Jupiter Moon Could Support Life: NASA spacecraft will probe the moon’s crust and see if it’s suitable for life

Water trapped underneath the icy crust of Jupiter’s moon ‘Europa’ may be able to sustain life and NASA’s spacecraft ‘Juno’ is nearby and going to investigate - here’s what you should know.

NASA reports that the ice-covered oceans of Europa - a moon of Jupiter which is currently the closest it has been to Earth in 59 years - could host alien life.

NASA believes that its “rock-hard” icy crust covers a “huge, salty, liquid ocean” beneath.

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Here’s everything you should know about Jupiter’s moon, whether it could host life and if other planets in our solar system could do the same.

Europa or "Jupiter II" is the smallest of the four Galilean moons orbiting Jupiter, with this moon orbiting at about 417,000 miles from the gas giant.
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When will NASA’s spacecraft ‘fly by’ Jupiter?

On 29 September, NASA's Juno’ spacecraft will perform a ‘flyby’ of Europa.

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A flyby is the path a spacecraft follows past a planet to gain information about it, it flies close but it isn’t pulled into its gravity.

According to NASA’s website, a flyby spacecraft has a limited opportunity to gather data - once it has flown past the planet it “cannot return to recover any lost data.”

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The surface of Europa is blasted by radiation that would prevent the survival of living beings there, however its "global ocean" beneath its icy crust could tell a different story.

Why does NASA believe there could be life on Europa?

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Europa is considered one of the best places in our solar system to investigate extraterrestrial life because of the massive ocean it holds beneath its icy crust, making it a top priority for astrobiologists.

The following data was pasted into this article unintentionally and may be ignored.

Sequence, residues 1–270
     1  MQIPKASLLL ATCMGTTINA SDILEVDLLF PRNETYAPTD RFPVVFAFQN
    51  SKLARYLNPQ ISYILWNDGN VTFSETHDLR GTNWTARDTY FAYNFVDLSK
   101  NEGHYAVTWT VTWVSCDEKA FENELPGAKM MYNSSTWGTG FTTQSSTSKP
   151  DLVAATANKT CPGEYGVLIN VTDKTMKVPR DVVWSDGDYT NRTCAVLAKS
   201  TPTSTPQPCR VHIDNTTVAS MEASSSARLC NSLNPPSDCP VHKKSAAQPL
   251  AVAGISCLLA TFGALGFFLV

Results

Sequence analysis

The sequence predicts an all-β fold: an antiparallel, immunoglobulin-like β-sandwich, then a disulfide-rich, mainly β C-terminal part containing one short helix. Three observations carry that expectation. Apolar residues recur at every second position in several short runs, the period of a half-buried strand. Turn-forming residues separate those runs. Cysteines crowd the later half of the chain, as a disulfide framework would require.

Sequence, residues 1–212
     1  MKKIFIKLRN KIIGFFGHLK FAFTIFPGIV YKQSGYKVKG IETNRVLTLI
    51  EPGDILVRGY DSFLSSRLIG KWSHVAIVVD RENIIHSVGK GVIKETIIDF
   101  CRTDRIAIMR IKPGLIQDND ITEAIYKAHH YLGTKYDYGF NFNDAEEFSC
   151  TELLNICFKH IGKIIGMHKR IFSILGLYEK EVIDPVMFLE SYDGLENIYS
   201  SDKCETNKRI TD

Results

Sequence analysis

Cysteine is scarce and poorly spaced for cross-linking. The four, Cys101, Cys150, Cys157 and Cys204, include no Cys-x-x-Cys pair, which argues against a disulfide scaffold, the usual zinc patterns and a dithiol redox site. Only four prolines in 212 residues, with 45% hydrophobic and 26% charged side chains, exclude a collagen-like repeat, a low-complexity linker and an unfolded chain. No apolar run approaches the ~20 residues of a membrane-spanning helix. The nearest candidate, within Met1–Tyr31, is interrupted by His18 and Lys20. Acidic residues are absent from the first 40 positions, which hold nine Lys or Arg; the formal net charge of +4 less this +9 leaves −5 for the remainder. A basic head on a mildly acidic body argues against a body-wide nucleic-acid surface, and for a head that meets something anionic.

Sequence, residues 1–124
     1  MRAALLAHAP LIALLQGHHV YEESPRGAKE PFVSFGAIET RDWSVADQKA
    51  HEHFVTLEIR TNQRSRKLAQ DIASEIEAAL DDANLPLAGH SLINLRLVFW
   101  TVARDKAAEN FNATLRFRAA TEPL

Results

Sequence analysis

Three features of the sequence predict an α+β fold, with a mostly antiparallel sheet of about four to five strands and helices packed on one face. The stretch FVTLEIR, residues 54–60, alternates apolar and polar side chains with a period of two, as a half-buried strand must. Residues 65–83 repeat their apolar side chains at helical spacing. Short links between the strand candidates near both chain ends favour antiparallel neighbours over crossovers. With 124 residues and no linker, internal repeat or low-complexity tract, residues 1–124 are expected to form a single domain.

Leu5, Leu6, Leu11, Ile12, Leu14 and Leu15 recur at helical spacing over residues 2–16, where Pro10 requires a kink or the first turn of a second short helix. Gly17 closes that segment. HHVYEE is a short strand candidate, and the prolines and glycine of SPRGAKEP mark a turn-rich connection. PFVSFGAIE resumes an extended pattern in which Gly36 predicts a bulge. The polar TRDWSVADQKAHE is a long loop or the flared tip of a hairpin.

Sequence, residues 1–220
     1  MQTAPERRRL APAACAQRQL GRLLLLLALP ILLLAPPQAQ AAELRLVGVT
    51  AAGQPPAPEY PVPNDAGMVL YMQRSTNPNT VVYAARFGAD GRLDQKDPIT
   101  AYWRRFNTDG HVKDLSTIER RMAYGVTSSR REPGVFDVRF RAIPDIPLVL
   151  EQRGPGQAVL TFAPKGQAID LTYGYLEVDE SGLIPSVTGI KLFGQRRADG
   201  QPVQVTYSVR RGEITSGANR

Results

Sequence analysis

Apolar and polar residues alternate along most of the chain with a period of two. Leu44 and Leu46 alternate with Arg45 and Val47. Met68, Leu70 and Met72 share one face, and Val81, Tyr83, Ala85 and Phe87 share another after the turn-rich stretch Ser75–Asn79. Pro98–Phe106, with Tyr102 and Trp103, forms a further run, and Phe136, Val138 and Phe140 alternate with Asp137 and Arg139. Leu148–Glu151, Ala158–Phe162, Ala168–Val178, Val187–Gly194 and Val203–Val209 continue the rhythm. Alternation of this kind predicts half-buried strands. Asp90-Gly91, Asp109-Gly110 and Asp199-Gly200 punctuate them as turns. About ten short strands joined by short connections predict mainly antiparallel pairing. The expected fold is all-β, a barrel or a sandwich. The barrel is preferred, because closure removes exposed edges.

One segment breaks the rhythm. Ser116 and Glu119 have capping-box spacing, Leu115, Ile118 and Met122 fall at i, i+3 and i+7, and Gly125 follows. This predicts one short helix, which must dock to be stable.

In a statement, NASA said: "Since there are lots of tiny creatures that live in very harsh water environments here on Earth, it’s possible that this type of life could also exist on Europa.”

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The Principal Investigator for the Juno mission, Scott Bolton, said “Everywhere on our planet where there is water, there is life, and we suspect life got started in the ocean.”

Are there other planets that could support life?

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According to Nasa’s Exoplanet Exploration website, there are many recorded planets that could theoretically support life because they exist in a “habitable zone”.

A habitable zone is the distance from a star (like the sun) at which liquid water could exist on the orbiting planet’s surface, water being a crucial component to biological life.

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Such zones are also known as “Goldilocks’ Zones” as the thermal conditions are neither "too hot nor too cold” to support life in theory.

National Geographic’s Astrobiology blog wrote: “Of the 1,780 confirmed planets beyond our solar system, as many as 16 are located in their star’s habitable zone, where conditions are neither too hot nor too cold to support life.”

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To learn more about NASA’s “flight” over Jupiter (where the spacecraft will be within 222 miles of the planet’s moon, Europa) check out NASA’s official website.

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